A number of trade unions are involved. I mentioned the two stronger unions, probably the unions having most members, and they would be entitled to say that this is unfair to them because, as far as I can see, despite the number of members they might have, they are entitled to nominate only one person. The Minister may correct me but I think I am right. Yet a union with only 10 per cent of that membership would appear to have the same right to nominate one person. I accept that probably the member of the larger union would have a much better chance of being elected but that is a matter for the campaign afterwards and how successful a nominated candidate may be in projecting his image and promoting his interests within the company. This is why I have moved this amendment:

(e) the determination of the number of employees in each designated body who may independently nominate a candidate, and be considered a qualified body for the purpose of this Act.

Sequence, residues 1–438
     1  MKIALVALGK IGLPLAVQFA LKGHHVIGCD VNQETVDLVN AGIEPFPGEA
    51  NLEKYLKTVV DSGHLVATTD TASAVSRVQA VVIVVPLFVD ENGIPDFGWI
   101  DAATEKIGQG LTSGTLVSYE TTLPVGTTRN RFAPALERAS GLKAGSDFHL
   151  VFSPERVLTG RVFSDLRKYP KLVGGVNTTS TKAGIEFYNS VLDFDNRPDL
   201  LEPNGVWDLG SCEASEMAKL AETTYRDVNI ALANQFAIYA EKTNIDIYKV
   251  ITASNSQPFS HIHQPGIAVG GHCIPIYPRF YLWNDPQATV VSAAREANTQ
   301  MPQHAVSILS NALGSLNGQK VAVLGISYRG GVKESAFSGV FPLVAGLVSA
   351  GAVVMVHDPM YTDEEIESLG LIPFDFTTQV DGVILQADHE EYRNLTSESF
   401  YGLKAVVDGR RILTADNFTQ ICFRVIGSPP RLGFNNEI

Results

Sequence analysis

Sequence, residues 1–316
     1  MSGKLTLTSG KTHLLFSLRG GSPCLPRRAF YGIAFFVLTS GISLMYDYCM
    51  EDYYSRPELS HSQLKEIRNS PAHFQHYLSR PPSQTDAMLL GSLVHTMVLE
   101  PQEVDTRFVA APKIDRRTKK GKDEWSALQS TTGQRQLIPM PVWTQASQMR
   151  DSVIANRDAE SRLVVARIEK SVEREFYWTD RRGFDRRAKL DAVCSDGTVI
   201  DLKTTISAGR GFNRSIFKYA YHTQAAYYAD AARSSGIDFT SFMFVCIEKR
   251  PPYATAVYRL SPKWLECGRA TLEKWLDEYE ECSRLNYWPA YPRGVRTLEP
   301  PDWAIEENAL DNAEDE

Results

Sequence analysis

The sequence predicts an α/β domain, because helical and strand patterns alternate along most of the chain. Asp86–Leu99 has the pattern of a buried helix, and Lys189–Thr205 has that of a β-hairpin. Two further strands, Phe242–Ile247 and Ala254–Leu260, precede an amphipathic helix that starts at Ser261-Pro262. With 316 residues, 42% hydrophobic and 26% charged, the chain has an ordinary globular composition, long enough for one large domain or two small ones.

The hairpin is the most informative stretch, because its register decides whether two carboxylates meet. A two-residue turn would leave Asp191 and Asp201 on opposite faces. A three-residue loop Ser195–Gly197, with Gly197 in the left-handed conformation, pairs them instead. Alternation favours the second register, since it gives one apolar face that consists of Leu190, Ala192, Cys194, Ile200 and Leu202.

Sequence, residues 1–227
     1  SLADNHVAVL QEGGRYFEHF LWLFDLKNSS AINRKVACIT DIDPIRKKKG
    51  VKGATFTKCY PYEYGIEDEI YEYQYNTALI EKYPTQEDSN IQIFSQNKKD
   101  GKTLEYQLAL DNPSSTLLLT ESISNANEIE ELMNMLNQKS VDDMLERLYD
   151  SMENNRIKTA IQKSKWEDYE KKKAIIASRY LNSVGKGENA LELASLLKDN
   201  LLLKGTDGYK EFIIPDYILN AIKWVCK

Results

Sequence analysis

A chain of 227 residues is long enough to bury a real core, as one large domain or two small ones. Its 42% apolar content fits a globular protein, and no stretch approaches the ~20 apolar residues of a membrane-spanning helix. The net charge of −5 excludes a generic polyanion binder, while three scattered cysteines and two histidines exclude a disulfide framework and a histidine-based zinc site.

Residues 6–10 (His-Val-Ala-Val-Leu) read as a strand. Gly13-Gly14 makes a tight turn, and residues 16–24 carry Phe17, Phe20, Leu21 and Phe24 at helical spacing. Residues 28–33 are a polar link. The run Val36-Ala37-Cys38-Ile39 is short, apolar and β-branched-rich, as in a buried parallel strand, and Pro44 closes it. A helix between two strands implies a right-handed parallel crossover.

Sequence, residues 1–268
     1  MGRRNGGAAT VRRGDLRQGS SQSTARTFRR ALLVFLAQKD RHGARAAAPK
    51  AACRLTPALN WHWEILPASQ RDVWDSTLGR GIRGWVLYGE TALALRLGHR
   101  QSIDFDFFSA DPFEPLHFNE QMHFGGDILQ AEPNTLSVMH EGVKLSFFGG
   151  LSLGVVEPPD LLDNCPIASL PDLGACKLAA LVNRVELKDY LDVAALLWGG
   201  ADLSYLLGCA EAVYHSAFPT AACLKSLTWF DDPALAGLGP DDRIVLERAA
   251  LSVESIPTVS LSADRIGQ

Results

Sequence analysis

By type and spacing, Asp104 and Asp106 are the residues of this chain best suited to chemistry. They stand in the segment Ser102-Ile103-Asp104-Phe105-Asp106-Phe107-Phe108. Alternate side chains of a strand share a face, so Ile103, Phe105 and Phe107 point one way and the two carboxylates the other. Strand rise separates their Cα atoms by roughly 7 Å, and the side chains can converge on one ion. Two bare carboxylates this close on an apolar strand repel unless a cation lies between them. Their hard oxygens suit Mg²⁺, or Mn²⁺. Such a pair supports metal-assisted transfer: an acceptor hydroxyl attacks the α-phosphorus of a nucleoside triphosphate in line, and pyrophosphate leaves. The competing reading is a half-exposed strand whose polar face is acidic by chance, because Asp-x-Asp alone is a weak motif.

I do not mean that every ten people should have that right particularly in bodies where over 10,000 people are employed but, first, people who are not union members are entitled to be considered in this legislation and also— referring to the bigger unions—if a group of a number decided on by the Minister, 50, 60, 100 or 200, from within a union or even across the unions, decide that they wish to nominate somebody, I think they should be entitled to do so.

If we take bodies like CIE or the ESB with a wide geographical spread, am I right in assuming that, for example, the ITGWU which would probably represent many workers in these bodies, would have the right to nominate only one member to the State board?

They may nominate——

As many as they like.

But may a group of their members, say, in Sligo decide that they wish to nominate a Sligo man?